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2 The Model Let us consider the vector error-correction model of an n-vector of time series zt .L/zt D ˛ 0 zt 1 C "t ;

(1)

Pp where D .1 L/, .L/ D In i D1 i Li , ˛ and are full-column rank n r 0 (r < n) matrices such that ˛? .1/? has full rank, "t are i.i.d. Nn .0; ˙"" /. The process zt is then cointegrated of order (1,1) and the matrix span the cointegrating space, see e.g. Johansen (1996). Moreover, we assume, without loss of generality, that deterministic elements have preliminarily been removed from time series zt and that each element of both zt and 0 zt 1 has been standardized to unit variance. It follows that each of series zt is generated by a model with the following form: yt D ˇ 0 xt 1 C t ;

t D 1; : : : ; T

(2)

where yt is a generic element of zt , t is the corresponding element of "t , and xt0 D Œz0t ; z0t ; : : : ; z0t pC1 . Suppose that N D pn C r, the number of elements of ˇ, is too large to estimate model (2) by ordinary least squares. In order to reduce the number of parameters in (2), we follow Helland (1990) and Helland and Almoy (1994) by assuming that xy D q ;

(3)

where xy D E.xt 1 yt /, q is a matrix formed by q eigenvectors of ˙xx D E.xt xt0 /, and is a vector with all the q elements different from zero. Notice that (3) implies ˇ D q 1 q where q is the diagonal eigenvalue matrix associated with q . Hence, model (2) has the following factor structure: yt D 0 ft 1 C t ; 0 where ft D 1 q q xt . Notice that yt Chjt D E.yt Ch jft / is a linear combination of the factors ft for h > 0.

3 Estimation of the Factors In order to estimate model (2), we resort to the PLS algorithm proposed by Wold (1985). Particularly, we define y .ypC1; : : : ; yT /0 , V0 D X .xpC1; : : : ; xT /0 , and bi b Vi D Vi 1 f 0i D X

i X j D1

fj b 0j ;

(4)

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for i D 1; ::; N , where bi D Vi 1 b f !i ; b !i D

Vi01 y;

b0 f b 1 0 b b i D .f i i / Vi 1 f i ;

(5) (6) (7)

Based on Helland (1990) and Helland and Almoy (1994), we argue that, under condition (3), the PLS estimator for ˇ, b b 0q X 0 y; b q .˝ b 0q X 0 X ˝ b q /1 ˝ ˇ PLS D ˝ b q .b ! 1; : : : ; b ! q /, is consistent as T ! 1. Indeed, Helland (1990) proved where ˝ that, at the population level, the PLS weights are obtained by the recursive relation. !i C1 D xy ˙xx ˝i .˝i0 ˙xx ˝i /1 ˝i0 xy

(8)

where !1 D xy and ˝i D .!1 ; : : : ; !i / for i D 1; : : : ; N 1. It follows by induction that ˝q lies in the space spanned by q1 .xy ; ˙xx xy ; : : : ; ˙xx xy /;

from which it is easy to see that condition (3) implies !qC1 D 0 and ˇPLS ˝q .˝q0 ˙xx ˝q /1 ˝q0 xy D ˙xx xy :

(9)

We notice that ˇPLS is a continuous function of the elements of the variancecovariance matrix of .yt ; xt01 /0 . Since the PLS algorithm by Wold (1985) builds the b q such that it lies in the space spanned by weight matrix ˝ b xxb b qxxb .b xy ; ˙ xy ; : : : ; ˙ xy /; b xx are, respectively, the natural estimators of xy and ˙xx , we where b xy and ˙ b conclude that ˇ PLS is a consistent estimator of ˇ by the Slutsky’s theorem. b q is computed without requiring any covariance Remarkably, the weight matrix ˝ matrix inversion. Hence, this method is very attractive when N is large compared to the sample size T . A problem arises about the estimation of the cointegrating matrix . Since r is unknown and we can not resort to a maximum likelihood approach (Johansen 1996) due to the large predictor number N , we use the first lag of the principal components of zt in place of 0 zt 1 in model (2). The rationale of resorting to principal components is that Snell (1999) proved that the eigenvectors associated with the r smallest eigenvalues of z0 z are a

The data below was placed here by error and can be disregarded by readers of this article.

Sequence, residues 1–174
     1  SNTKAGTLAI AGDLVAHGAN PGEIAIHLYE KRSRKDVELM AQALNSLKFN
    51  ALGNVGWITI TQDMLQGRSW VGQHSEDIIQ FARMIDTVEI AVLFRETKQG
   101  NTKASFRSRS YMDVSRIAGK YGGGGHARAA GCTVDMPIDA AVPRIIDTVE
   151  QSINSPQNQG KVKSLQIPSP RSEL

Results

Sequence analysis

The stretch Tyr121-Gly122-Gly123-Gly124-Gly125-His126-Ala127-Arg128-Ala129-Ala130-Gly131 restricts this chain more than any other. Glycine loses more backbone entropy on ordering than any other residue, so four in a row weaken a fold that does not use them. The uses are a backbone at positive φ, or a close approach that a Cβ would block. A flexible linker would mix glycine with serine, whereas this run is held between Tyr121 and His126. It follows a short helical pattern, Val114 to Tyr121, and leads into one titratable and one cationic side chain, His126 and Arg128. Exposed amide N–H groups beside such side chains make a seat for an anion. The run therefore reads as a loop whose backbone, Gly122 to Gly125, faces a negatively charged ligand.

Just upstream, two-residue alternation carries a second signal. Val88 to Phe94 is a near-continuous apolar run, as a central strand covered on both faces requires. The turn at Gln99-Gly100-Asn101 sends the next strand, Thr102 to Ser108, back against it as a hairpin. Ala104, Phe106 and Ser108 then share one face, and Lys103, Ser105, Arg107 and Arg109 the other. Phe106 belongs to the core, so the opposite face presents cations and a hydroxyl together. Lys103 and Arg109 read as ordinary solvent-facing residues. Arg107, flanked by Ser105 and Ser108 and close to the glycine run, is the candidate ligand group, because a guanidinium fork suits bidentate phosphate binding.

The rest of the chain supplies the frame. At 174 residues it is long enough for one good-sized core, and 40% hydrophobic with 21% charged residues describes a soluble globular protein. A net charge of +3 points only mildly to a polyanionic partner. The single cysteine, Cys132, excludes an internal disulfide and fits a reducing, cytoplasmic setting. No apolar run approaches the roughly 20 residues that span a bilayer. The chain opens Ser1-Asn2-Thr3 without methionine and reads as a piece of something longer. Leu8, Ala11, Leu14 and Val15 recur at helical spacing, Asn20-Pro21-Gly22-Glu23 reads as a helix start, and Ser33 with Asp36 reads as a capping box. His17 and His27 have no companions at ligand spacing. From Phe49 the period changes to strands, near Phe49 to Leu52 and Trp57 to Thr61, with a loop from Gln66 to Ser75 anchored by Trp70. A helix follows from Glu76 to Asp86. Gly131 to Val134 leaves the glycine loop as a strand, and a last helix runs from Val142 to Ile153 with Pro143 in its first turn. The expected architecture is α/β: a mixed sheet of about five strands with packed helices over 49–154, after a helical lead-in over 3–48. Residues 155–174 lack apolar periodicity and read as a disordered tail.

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super-consistent estimator (up to an identification matrix) of the cointegrating vectors whereas the other .nr/ principal components converge to I(1) processes. Hence, the principal components associated with the .n r/ largest eigenvalues of z0 z will be asymptotically uncorrelated with the I(0) target variable yt .

4 The Data-Set We employ the same data set as Stock and Watson (2005), which contains 131 US monthly time series covering a broad range of economic categories such as industrial production, income, unemployment, employment, wages, stock prices, and consumer and producer prices. The time span is from 1959.01 through to 2003.12. We apply logarithms to most of the series with the exception of those already expressed in rates. All variables are transformed to achieve stationarity. Moreover, we compute the principal components of the 103 time series that appear to be I(1), possibly after differencing. The first lag of these principal components are then included in the predictor set in place of the unknown error correction terms. All the predictors are then standardized to have unit variance. Finally, the predicted variables are Industrial Production (IP), Employment (EMP), Federal Funds Rate (FYFF), and Consumer Price Index (CPI).